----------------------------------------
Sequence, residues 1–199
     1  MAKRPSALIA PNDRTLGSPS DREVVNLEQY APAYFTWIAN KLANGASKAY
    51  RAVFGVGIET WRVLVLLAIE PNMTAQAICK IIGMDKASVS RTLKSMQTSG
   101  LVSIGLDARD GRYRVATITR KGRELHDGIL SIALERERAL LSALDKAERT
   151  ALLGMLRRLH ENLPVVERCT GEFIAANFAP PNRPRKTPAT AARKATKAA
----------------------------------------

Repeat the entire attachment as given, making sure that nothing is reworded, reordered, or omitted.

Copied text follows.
Sequence, residues 1–199
     1  MAKRPSALIA PNDRTLGSPS DREVVNLEQY APAYFTWIAN KLANGASKAY
    51  RAVFGVGIET WRVLVLLAIE PNMTAQAICK IIGMDKASVS RTLKSMQTSG
   101  LVSIGLDARD GRYRVATITR KGRELHDGIL SIALERERAL LSALDKAERT
   151  ALLGMLRRLH ENLPVVERCT GEFIAANFAP PNRPRKTPAT AARKATKAA